How Did Genesis and Kia Do It?
Consider these two groups of car companies:
- Genesis and Kia
- Jaguar and Land Rover
Genesis is the fairly new luxury brand that was announced by Hyundai Motor in November 2015. Kia is the more mass-market vehicle brand that is part of the Hyundai Motor Group.
Jaguar and Land Rover are both part of, well, Jaguar Land Rover, which is a subsidiary of Tata Motors, which purchased each of the companies from Ford in 2008 and which created the combined company in 2013.
The second pair is well known for the luxury vehicles they have on the market, with Jaguar perhaps known most for its sports cars and Land Rover for the utility vehicles that have a global reputation for being able to traverse the globe.
Genesis is becoming, slowly, known for the stylish cars it is putting on the scene (Luc Donckerwolke, who had an impressive body of work for Volkswagen Group is heading up Genesis design). Kia, thanks in large part to the design direction of Peter Schreyer (who, prior to joining Kia in 2006, was known for his work for Volkswagen Group, as well, the Audi TT, in particular), has gone from being a company known for what are sometimes referred to as “cheap and cheerful” cars to being a builder of impressive cars and crossovers.
I didn’t create these two groups arbitrarily. Actually, the pairings are predicated on results of the J. D. Power 2018 U.S. Initial Quality Study (IQS), which measures the number of problems experienced per 100 vehicles (PP 100) during the first 90 days of ownership. The lower the number of problems, the higher the ranking.
There are 31 nameplates in the rankings. The best is Genesis with a PP 100 of 68. Kia comes in second place with a PP 100 of 72.
As for Jaguar and Land Rover, they’re at the bottom of the 2018 IQS rankings, with measures of 148 and 160 PP 100, respectively.
To put these numbers into context, know that the industry average is 93.
Now it should be pointed out that according to J.D. Power, the quality of vehicles has, overall, improved for the last four years and that this year’s numbers are the best-ever, with an improvement of 4 percent compared to 2017.
One of the findings in the study is that the Porsche 911 has the best score for 2018 and the best of any vehicle in the current generation (2013 to 2018) of the IQS: just 48 PP 100. That led me to think that perhaps one of the drivers of a good IQS ranking is making a comparatively low number of vehicles: in 2017 there were just 8,970 911s sold in the U.S.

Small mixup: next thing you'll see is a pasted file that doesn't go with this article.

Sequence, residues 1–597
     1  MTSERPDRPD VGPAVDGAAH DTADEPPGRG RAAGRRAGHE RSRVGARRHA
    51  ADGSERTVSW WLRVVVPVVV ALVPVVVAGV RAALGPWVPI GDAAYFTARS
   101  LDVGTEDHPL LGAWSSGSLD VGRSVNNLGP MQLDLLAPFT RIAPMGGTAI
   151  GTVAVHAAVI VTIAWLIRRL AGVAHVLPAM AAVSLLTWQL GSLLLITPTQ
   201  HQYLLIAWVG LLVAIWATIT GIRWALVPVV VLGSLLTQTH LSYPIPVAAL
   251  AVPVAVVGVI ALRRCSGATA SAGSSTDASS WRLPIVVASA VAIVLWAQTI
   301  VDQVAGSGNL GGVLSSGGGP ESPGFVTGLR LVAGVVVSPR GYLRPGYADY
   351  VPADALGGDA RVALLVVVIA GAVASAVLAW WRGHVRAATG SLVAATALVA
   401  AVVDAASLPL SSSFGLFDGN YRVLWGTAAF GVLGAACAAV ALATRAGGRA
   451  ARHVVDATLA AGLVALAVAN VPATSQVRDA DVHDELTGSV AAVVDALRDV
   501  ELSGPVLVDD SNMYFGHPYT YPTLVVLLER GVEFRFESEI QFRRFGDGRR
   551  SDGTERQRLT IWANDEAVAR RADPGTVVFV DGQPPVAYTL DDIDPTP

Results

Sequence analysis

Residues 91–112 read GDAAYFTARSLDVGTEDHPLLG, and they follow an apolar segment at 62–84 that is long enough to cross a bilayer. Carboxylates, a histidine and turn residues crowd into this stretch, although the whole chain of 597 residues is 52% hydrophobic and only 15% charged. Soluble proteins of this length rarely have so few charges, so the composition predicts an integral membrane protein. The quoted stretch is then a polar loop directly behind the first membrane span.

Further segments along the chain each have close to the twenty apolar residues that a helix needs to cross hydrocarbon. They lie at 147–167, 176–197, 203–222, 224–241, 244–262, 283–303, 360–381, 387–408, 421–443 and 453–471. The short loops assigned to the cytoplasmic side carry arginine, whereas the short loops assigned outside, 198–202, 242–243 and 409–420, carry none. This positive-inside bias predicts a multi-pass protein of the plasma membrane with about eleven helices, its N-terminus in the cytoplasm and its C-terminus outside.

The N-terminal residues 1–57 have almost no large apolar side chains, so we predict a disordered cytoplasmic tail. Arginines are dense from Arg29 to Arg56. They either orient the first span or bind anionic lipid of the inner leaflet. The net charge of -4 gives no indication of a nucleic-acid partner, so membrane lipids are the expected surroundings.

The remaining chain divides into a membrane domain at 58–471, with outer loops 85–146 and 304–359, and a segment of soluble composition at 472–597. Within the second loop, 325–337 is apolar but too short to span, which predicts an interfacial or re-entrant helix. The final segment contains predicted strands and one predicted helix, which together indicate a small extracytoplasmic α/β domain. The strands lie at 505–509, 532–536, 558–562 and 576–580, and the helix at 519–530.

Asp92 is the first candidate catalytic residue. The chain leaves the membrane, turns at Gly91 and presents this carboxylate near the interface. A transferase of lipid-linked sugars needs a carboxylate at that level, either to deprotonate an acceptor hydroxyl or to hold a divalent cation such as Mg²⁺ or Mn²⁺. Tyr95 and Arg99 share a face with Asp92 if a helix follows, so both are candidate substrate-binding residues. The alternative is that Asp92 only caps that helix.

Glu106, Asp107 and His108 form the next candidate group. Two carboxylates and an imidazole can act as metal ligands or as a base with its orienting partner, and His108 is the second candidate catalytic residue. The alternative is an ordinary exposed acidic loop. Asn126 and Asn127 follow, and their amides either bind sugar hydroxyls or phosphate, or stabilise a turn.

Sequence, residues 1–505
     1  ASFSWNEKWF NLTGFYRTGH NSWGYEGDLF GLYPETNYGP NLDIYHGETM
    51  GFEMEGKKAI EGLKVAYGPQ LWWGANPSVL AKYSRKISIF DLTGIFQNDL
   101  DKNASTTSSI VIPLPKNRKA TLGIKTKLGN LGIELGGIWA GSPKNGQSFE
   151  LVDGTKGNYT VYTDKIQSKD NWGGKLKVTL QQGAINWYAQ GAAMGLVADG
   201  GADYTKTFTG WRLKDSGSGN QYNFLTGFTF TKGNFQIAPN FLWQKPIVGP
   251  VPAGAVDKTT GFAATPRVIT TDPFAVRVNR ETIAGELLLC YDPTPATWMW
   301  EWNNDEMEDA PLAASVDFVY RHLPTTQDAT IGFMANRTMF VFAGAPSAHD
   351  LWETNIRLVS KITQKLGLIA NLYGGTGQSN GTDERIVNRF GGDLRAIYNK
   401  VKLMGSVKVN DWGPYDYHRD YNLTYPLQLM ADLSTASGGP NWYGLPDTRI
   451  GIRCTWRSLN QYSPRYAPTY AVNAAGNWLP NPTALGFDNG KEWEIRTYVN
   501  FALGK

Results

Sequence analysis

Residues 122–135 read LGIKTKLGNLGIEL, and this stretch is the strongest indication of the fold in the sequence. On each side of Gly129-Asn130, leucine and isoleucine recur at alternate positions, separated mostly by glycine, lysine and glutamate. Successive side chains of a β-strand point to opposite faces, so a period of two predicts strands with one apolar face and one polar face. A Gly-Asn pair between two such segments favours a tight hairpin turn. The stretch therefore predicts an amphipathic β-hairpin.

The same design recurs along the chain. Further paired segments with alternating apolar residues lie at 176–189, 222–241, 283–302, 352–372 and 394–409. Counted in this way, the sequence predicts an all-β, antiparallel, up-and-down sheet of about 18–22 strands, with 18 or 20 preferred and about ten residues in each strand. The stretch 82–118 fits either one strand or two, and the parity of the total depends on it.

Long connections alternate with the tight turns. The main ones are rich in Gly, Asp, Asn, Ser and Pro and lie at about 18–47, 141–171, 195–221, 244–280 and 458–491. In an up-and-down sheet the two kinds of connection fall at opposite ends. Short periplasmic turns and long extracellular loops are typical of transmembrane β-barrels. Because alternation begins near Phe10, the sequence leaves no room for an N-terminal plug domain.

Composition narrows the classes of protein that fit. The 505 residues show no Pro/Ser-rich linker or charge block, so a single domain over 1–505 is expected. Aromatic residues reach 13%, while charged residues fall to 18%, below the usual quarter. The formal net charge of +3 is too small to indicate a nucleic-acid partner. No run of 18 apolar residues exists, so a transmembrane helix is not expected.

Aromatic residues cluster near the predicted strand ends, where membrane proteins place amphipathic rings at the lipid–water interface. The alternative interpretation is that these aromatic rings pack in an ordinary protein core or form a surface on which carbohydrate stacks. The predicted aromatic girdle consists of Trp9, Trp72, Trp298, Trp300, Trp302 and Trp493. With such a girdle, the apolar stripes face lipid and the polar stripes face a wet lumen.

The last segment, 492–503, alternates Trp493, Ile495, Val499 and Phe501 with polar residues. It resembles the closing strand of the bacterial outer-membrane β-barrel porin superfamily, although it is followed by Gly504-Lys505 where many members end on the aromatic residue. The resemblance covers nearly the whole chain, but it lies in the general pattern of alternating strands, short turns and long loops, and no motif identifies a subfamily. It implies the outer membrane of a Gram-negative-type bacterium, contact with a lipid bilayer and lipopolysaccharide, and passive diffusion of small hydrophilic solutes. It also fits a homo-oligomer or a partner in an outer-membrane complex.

But that can’t be the case because although Genesis sold just 20,612 vehicles in the U.S. last year, Kia sold 589,668. And the two companies at the bottom had sales numbers on the low side, 74,739 for Land Rover and 39,594 for Jaguar.
While there might be something to be said for having strong design people like Donckerwolke and Schreyer involved, it should be noted that Gerry McGovern, chief design officer for Land Rover, and Ian Callum, Jaguar design director, certainly aren’t slouches by any means. Certainly having solid design direction is important in terms of creating appealing vehicles, but then there is the issue of being certain that there is the underlying engineering that creates the foundation and the execution of the vehicles that have been visualized by design. Ford’s former chief designer J Mays used to say that it cost the same amount to stamp an attractive body panel as it did an unappealing one. But if there is an entire suite of beautiful panels and they are assembled with the other components of a vehicle such that the sum is something that provides more problems to the customer than the beauty can transcend, then the customers aren’t going to be particularly pleased.
Perhaps there is something else that accounts for the J.D. Power IQS success of Genesis and Kia and the less-than-average performance of Jaguar and Land Rover. Jaguar was established in 1935. Land Rover is celebrating its 70th anniversary. The first vehicle that Kia manufactured goes back to 1951—a bicycle. Arguably, it didn’t become an automotive manufacturer onto its own (i.e., not building other company’s products under license) until 1986. As previously mentioned, Genesis isn’t even four years old.
Isn’t it possible that in the cases of both Genesis and Kia there is an organization drive to outperform, to prove to the world that they’re designing, engineering and producing vehicles that are as good as or better than those coming from other OEMs? After all, there isn’t much in the way of history to fall back on for either of them.
In today’s market, it is more about what are you doing right now than 50 years ago. You prove yourself today, right now, and if you do it well enough, then you can achieve success like Genesis and Kia have reached.